I would like to congratulate all who participated in the Rivers Day celebrations in body and spirit on June 12.
Locally, I believe events were spawned by suggestions made at the local ManOMin conference (sponsored by Rainy River Watershed Program and Rainy River First Nations).
There, guest speaker Max Finkelstein (author, adventurer, and a representative of the Canada River Heritage Systems), remarking on the historical significance of our local waterways, suggested communities and organizations take on the challenge of having the Rainy River designated a Canadian Heritage River.
Though many enjoy the river and its heritage, this process has not officially begun nor all the advantages explored (for more info, visit www.chrs.ca).
Though not planned, it was only fitting that the Métis canoe expedition came through town the same weekend as Rivers Day. Having met them and seeing the much-deserved support by the local Métis community, I joined in to add my support and help.
From this contact, there was talk of possible “rendez-vous” celebrations, possibly on Rivers Day. I would suggest the communities invite these voyageurs back to hear of their adventures and see the bright future through these accomplished individuals.
Lately, my enjoyment of the local waterways revolved around “Big Canoe” and those who paddled her.
Sadly, “Big Canoe” has moved on. The Métis Nation of Ontario purchased the 30-ft. heritage replica canoe after they saw the value of such a fine craft for the safety and enjoyment of the voyageurs as well in their future programs.
When was the last time a Montreal freighter canoe was sold in Fort Frances? It was not so long ago that 30 or more birchbark canoes a year were made in the community for the waterways of North America.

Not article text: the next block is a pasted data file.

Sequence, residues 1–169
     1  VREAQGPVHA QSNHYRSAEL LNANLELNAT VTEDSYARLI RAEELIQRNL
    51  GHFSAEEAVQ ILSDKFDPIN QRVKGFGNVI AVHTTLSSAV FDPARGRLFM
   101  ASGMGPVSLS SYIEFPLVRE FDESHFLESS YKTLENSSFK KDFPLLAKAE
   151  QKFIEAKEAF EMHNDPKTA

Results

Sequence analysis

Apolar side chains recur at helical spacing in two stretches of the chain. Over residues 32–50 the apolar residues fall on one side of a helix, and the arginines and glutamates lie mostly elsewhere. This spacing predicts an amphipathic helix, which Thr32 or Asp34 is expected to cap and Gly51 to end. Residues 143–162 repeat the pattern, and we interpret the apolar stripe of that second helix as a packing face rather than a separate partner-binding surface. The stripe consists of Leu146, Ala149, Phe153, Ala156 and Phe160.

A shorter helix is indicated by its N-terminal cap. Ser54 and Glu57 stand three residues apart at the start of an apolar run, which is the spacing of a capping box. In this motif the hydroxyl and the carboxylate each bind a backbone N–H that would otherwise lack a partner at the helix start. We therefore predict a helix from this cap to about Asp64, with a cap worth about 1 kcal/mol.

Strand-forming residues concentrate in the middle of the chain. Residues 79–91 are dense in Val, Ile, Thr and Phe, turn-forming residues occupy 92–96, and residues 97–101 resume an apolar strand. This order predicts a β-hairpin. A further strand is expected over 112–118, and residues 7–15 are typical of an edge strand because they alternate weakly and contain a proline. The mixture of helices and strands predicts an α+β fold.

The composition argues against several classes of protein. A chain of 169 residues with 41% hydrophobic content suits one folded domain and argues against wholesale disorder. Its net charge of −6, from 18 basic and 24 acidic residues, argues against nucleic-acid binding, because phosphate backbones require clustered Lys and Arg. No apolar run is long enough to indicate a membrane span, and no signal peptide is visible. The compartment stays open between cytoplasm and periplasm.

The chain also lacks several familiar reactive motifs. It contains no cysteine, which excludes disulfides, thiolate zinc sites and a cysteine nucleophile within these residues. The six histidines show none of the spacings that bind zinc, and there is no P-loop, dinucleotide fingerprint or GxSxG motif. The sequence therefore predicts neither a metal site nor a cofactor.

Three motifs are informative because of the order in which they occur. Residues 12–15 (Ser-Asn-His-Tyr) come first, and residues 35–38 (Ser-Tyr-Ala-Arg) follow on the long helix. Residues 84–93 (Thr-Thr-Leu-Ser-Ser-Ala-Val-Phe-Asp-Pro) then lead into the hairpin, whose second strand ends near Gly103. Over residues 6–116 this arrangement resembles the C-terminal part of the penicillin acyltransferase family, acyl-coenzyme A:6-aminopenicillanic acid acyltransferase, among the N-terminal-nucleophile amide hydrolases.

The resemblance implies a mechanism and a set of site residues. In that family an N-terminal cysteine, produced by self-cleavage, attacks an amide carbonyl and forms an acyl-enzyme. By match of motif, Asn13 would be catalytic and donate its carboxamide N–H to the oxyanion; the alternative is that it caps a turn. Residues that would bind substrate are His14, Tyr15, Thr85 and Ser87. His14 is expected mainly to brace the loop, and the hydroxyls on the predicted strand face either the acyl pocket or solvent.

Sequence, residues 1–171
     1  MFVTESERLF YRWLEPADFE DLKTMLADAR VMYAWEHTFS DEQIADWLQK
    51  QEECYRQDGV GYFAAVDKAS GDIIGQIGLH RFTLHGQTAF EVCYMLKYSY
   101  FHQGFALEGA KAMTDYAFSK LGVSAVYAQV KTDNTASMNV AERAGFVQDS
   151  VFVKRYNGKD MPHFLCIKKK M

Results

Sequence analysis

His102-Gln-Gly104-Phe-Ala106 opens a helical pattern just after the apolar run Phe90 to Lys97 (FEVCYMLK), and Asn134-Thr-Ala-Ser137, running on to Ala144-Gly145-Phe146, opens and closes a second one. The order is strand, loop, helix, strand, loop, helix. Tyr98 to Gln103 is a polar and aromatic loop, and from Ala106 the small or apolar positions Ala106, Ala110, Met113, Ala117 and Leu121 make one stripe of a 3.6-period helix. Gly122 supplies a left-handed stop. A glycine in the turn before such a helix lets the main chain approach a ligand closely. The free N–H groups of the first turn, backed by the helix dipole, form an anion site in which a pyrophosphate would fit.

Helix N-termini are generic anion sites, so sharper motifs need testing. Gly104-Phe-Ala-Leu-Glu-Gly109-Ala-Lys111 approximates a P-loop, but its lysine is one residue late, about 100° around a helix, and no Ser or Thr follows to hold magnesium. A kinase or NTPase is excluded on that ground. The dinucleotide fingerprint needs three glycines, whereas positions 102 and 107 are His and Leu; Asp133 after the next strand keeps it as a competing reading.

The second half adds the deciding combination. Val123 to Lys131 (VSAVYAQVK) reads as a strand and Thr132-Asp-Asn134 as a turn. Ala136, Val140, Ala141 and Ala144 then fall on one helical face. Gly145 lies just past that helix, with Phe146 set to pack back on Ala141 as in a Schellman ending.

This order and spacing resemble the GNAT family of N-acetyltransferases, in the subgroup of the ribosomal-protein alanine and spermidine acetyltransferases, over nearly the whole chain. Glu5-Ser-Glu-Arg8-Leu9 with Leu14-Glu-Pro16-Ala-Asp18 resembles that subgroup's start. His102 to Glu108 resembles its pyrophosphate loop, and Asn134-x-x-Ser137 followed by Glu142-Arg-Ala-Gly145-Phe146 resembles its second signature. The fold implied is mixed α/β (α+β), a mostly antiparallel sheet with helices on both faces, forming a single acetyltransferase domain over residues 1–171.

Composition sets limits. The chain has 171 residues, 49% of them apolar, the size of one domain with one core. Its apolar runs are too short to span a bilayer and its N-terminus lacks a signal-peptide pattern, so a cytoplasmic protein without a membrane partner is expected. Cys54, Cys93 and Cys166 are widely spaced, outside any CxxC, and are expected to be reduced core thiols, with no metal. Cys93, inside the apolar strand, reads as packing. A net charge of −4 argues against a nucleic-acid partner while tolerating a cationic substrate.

My supplier of “Big Canoe” informed me they manufacture 100+ large heritage replica canoes a year and I know other manufacturers. These large canoes have been shipped throughout the world since a revival of wilderness adventuring (both extreme and soft adventure).
Imagine if this community could attract the suppliers, outfitters, and enthusiasts here annually Rivers Day for a showcase of this lifestyle and all it has to offer.
Imagine if diverse groups could come together at a “rendez-vous” here and find their common goals as many once did in the area. Ten years ago, few people could dream of 100 or more bass boats parading through town, but now their dreams have come true.
With this challenge to achieve these dreams, I also would like to challenge any group to bring another heritage canoe back to the area for many to enjoy and explore the rich heritage of the area.
I would gladly support and donate to any such endeavour.
I wish to thank Terry Kawulia of Northwest Mystic Adventures for inspiring me to acquire “Big Canoe,” Pam Hawley, curator of the Fort Frances Museum, for her insight and support of “Big Canoe,” as well as Joe Gladu, Victor Armit, and all paddlers of “Big Canoe” this past year.
In the spirit of the ManOMin conference, Canada Heritage Rivers, and the Métis canoe expedition, I say “Viva la Riviere la Pluie!”
P.S. David Thompson bicentennial celebrations are being held in 2007 across Canada.